What are Are The the Symptoms of Glaucoma?

Glaucoma is refers to a term for a number of diseases which can lead to vision loss. The loss of vision is caused by damage to the optic nerves which carriesbring signals from the eye to the brain.

Vision loss caused by glaucoma is permanent. The good news is that damage can be reduced or stopped preventedentirely if the disease is caught early and proper glaucoma treatment is givenadministered.

Glaucoma Symptoms

One of tOhe most common types of glaucoma, open-angle glaucoma, is slow moving to develop and does not have any obvious systems when it startsdoesn’t typically display any obvious symptoms in its early stages. The patient’s field of vision will be reducedegraded over time as the nerves are are continually damaged.damaged over time.

If glaucoma remains undiagnosed and untreated at this stage, partial or total blindness can occur.

The side, or peripheral, vision will start to fade first. Eventually it will be like the person is looking through a tunnel.

As the damage increases, the front, or central, vision will start to diminish. If nothing is done, partial to full blindness can occur.

Acute-angle closureClosed-angle glaucoma can happen faster often moves faster. It can cause hazy or blurred vision, rainbows or colored circles around bright lights, pain in the eyes or head, nausea, or sudden vision loss.

Acute-angle closure glaucomaIt can also happen slowly and have exhibit the same symptoms of as open-angle glaucoma.

Detection is the Best Defense

The best defense from against glaucoma of any kind is regular check ups with an optometristregular check-ups with an eye doctor. They will know what signs to look for and when to start treatment if needed.

One of the most common symptoms of glaucomamain signs of impending nerve damage is increased eyed pressure in the fluid of the eye. When “the intraocular” pressure in the eye is too high, the nerves are compressed and become damaged can happen. Everyone has different normal Normal pressure can vary between patients, so regular check-ups are essentialimportant to determine a baseline figure to compare future tests against.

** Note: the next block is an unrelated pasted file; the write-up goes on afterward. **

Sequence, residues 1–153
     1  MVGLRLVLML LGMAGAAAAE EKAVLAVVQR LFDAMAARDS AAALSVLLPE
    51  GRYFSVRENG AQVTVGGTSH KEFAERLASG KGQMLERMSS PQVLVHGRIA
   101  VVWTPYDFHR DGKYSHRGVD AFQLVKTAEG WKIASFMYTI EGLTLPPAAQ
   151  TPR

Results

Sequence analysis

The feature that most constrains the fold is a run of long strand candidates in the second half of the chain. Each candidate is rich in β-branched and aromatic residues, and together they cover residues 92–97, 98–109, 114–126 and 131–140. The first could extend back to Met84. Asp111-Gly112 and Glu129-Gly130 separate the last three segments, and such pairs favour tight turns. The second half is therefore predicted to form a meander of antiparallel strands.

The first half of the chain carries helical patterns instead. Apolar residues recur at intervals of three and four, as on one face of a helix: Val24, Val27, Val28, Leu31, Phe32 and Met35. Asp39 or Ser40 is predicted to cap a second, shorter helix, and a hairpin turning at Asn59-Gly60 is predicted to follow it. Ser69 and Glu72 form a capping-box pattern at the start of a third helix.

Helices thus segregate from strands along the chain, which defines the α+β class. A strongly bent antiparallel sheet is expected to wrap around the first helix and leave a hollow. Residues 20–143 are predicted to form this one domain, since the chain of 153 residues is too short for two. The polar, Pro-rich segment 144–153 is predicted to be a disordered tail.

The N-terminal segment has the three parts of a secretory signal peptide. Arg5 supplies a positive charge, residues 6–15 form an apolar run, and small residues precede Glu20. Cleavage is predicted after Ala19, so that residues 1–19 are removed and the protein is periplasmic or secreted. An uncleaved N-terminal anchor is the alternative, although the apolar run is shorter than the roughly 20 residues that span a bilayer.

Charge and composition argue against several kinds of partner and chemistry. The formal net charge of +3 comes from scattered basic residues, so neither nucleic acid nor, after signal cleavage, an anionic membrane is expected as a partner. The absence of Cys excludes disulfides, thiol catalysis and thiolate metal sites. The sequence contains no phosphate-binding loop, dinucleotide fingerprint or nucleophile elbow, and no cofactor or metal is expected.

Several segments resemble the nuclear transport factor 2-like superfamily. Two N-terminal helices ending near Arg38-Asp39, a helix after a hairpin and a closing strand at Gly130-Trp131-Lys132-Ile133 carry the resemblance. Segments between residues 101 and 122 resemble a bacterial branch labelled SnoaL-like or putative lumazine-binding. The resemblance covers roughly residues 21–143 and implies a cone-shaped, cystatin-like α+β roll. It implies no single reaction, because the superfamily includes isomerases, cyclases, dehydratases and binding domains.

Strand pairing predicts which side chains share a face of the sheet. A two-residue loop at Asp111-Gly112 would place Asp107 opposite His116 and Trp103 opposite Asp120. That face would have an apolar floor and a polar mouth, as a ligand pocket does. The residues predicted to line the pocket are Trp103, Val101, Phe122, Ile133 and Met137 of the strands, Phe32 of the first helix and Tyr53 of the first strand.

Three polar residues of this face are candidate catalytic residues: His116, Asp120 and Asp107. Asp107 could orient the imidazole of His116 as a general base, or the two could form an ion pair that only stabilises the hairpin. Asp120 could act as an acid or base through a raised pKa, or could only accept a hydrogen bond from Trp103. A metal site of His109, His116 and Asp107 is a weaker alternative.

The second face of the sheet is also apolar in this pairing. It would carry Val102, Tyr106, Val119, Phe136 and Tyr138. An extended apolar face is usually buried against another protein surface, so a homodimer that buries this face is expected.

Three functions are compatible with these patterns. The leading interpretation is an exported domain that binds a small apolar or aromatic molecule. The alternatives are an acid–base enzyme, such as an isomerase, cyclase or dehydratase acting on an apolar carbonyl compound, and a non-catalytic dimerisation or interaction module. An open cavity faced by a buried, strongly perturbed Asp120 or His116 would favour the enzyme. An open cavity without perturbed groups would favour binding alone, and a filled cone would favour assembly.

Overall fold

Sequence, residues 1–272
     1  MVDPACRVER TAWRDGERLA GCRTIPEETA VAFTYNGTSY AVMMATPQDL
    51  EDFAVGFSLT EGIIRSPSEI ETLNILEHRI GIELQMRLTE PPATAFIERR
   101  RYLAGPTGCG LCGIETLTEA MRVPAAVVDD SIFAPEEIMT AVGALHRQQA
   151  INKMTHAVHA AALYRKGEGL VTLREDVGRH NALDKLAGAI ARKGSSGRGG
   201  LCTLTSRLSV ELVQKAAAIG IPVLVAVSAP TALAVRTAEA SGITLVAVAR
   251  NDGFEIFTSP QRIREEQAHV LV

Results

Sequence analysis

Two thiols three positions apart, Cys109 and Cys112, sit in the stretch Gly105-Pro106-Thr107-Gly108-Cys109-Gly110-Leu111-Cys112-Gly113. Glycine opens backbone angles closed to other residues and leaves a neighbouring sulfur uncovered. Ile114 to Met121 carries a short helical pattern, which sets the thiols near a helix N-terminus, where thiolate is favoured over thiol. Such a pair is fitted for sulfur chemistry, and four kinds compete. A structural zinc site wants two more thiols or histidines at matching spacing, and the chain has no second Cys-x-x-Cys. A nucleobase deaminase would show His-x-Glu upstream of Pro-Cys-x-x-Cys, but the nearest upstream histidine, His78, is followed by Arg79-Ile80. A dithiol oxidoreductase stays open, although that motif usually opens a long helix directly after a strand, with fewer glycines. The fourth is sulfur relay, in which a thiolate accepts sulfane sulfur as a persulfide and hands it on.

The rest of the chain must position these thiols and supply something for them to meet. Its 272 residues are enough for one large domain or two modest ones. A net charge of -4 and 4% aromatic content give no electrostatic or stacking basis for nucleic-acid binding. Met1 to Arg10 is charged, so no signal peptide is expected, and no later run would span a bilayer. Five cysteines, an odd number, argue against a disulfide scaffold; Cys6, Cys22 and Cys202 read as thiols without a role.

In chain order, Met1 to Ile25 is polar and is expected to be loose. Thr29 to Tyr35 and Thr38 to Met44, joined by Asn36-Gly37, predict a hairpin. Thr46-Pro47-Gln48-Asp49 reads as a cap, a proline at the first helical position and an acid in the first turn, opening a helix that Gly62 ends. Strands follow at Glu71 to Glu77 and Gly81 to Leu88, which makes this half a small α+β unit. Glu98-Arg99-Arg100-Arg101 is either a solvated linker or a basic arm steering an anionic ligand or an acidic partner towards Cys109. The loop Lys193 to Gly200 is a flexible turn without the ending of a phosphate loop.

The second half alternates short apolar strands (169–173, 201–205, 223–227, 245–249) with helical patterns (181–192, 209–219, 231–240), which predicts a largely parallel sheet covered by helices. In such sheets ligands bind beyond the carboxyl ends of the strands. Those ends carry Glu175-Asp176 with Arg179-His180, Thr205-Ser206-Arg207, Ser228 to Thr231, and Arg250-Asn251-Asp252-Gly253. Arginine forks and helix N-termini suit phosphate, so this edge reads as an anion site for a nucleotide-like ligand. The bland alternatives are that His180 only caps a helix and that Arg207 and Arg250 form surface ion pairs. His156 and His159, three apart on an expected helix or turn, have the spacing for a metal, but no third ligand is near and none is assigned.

Glaucoma does not always present with high blood intraocular pressure. Other tests are neededOther parts of the eye examination like testing the patient’s field of vision can also detect symptoms of glaucoma. In some cases, there are visible signs of glaucoma that show up during a routine examination of the back surface of the eye to keep a watch for changing vision.

If An optometrist will conduct many different tests during an exam. The first is a visual acuity test. We’ve all seen the chart with the different letters of different sizes on them. This test determines our ability to see clearly at different distances.

The visual field tests looks at how well we can see in our peripherals. Since peripheral vision is the first area to be affected by glaucoma, it is important to do every visit.

Thean optometrist believes they can see signs of glaucoma, they may will also dilate the eye patient’s pupils to allow more light into the eye for a closer, clearer inspection.and look inside. Retinal photography can also be useful in the detection of wear and tear caused by glaucoma.This allows them to see if there are any obvious signs of damage or changes in the cornea and retina. Those can be signs of disease or deterioration.

The thickness of the cornea may also be measured. As the pressure inside the eye builds, it pushes on the cornea which flattens it. Keeping track of the corneal thickness can help with early detection.


The most common glaucoma treatment is daily eye drops. If drops don’t ease the symptoms, your eye doctor may recommend laser treatment or surgery.

Alternative methods ofMore natural glaucoma treatment includes lifestyle changes like reducing caffeine intake, sipping water gradually through the day instead of inin large amounts, eating a nutritionally balanced diet, and taking certain supplements.

Final Words

As always, consult with a physician to find the best plan for treatment. Glaucoma can affect anyone at any age, although it becomes more common with age. Other risk factors include a family history of the condition. Individuals with diabetes are also at a higher risk of developing glaucoma.

The only way to detect the early onset of the disease is to attend regular eye examinations. If you are overdue your next check-up or you’ve never had one before, contact your local eye doctor as soon as possible.

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